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Samsung's Galaxy S8 facial recognition feature defeated with digital photo

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Samsung with its Galaxy S8 introduced a new device unlock feature based on facial recognition software, but it seems all it takes to bypass the low-level security layer is a photo of a registered user.

As seen in the video below, YouTuber Marcianotech was able to spend some time with the Galaxy S8 at Samsung's launch event on Thursday. After a few minutes of playing with the device, he was able to successfully defeat the handset's facial recognition function with a picture of his face (captured on another S8 no less).

It seems that Samsung's biometric security feature relies on image fingerprinting or similar methods of recognizing prominent features in a captured image. These techniques use complex algorithms to measure the size, shape and distances between a user's eyes, nose, and mouth, as well as other identifying facial features.

Since such systems use common 2D cameras, they can be defeated using 2D images. There are, however, technologies that help bolster 2D facial recognition solutions. For example, facial motion capture might be applied to detect whether or not a target face is moving, bettering the chances that received imagery depicts a live human face rather than a photo or video.

In any case, it appears the facial recognition software built into Samsung's S8 and S8+ does not incorporate safeguards beyond industry standard 2D image fingerprinting.

For its part, Samsung in a statement to ArsTechnica said its new facial recognition feature only controls device unlocking and is not applied to more sensitive tasks like mobile payments or accessing the handset's Secure Folder.

The Galaxy S8 provides various levels of biometric authentication, with the highest level of authentication from the iris scanner and fingerprint reader. In addition, the Galaxy S8 provides users with multiple options to unlock their phones through both biometric security options, and convenient options such as swipe and facial recognition. It is important to reiterate that facial recognition, while convenient, can only be used for opening your Galaxy S8 and currently cannot be used to authenticate access to Samsung Pay or Secure Folder.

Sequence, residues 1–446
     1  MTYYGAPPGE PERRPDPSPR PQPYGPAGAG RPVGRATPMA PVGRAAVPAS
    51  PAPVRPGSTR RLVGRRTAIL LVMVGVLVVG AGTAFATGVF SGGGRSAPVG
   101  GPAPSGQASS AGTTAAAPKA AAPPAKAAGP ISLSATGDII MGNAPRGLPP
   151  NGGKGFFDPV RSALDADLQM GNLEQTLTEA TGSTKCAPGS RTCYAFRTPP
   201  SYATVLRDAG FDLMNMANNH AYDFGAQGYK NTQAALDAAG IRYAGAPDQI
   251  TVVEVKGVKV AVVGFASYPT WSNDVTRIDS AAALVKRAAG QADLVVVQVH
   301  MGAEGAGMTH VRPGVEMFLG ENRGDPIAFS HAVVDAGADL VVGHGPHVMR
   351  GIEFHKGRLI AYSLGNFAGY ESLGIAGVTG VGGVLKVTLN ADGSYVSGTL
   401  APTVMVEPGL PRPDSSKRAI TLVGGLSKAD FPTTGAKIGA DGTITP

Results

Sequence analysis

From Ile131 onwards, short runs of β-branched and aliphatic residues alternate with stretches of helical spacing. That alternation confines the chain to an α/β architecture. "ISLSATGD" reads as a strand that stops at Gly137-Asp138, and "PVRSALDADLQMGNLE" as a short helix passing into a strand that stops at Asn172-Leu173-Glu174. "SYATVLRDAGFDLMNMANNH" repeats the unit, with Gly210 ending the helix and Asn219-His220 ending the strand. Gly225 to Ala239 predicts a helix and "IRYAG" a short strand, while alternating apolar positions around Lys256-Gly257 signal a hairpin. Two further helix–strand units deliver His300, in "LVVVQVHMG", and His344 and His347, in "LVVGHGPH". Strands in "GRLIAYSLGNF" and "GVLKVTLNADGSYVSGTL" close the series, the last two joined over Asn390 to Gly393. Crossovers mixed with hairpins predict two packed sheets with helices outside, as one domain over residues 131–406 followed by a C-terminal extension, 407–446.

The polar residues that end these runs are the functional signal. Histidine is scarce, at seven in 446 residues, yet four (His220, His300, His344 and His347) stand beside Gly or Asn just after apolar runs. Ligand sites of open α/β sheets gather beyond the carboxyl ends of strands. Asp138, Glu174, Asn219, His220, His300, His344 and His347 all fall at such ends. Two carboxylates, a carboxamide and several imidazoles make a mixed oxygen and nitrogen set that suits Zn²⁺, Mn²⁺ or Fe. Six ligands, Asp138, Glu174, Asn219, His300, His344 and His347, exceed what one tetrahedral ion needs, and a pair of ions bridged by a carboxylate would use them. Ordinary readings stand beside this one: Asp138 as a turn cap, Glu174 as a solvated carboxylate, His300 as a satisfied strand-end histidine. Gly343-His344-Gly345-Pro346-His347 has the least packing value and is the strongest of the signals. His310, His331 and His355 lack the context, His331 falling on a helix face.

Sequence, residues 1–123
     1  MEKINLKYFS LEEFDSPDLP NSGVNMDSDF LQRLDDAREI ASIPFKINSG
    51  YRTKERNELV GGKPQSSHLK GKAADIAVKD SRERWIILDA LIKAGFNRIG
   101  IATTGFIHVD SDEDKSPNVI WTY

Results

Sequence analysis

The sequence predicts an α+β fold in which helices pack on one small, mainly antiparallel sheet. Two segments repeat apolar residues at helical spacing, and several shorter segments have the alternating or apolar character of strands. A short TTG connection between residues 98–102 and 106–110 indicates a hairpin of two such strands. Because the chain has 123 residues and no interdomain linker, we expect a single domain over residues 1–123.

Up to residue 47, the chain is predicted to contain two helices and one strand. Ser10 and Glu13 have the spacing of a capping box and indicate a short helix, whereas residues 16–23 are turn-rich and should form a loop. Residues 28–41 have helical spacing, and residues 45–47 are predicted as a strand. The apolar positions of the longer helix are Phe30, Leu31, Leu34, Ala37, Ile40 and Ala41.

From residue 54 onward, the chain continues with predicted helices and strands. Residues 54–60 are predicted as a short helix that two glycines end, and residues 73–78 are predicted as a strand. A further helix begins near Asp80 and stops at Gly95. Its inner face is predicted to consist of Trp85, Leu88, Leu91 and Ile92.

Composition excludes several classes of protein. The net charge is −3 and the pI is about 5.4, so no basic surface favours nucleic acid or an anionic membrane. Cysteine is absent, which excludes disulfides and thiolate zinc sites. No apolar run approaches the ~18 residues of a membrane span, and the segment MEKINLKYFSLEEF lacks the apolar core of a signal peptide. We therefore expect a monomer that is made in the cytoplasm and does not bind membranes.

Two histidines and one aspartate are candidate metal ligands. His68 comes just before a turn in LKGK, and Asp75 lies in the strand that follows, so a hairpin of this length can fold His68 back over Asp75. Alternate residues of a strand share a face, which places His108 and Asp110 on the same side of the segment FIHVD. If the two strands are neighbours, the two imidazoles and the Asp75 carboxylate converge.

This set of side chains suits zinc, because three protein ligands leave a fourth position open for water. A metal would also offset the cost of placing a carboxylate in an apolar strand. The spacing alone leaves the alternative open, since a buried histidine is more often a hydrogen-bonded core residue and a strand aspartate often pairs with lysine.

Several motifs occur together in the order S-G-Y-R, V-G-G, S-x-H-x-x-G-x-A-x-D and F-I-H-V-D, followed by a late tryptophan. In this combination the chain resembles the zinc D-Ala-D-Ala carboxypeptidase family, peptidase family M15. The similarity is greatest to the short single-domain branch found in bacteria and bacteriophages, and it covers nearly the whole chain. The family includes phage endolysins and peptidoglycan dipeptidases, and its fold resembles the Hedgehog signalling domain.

Still, with Samsung marketing facial recognition as a security feature, users could be expecting a bit more from the new functionality.

Perhaps not coincidentally, Apple is also rumored to debut some form of facial recognition technology in its upcoming "iPhone 8" smartphone later this year. According to KGI analyst Ming-Chi Kuo, Apple's version is believed to integrate specialized IR transmitters and receivers to accomplish enhanced 3D sensing and modeling capabilities, or depth mapping. The system should provide a more accurate representation of a user's face as compared to conventional 2D systems.

As AppleInsider explained earlier this month, however, it is unlikely that Apple intends to replace existing Touch ID fingerprint authentication with a face-based biometric solution. Because face-based technology is still being refined, Apple's facial rumored facial recognition system will likely power ancillary, opt-in functionality, while Touch ID handles critical tasks. At least in the near term.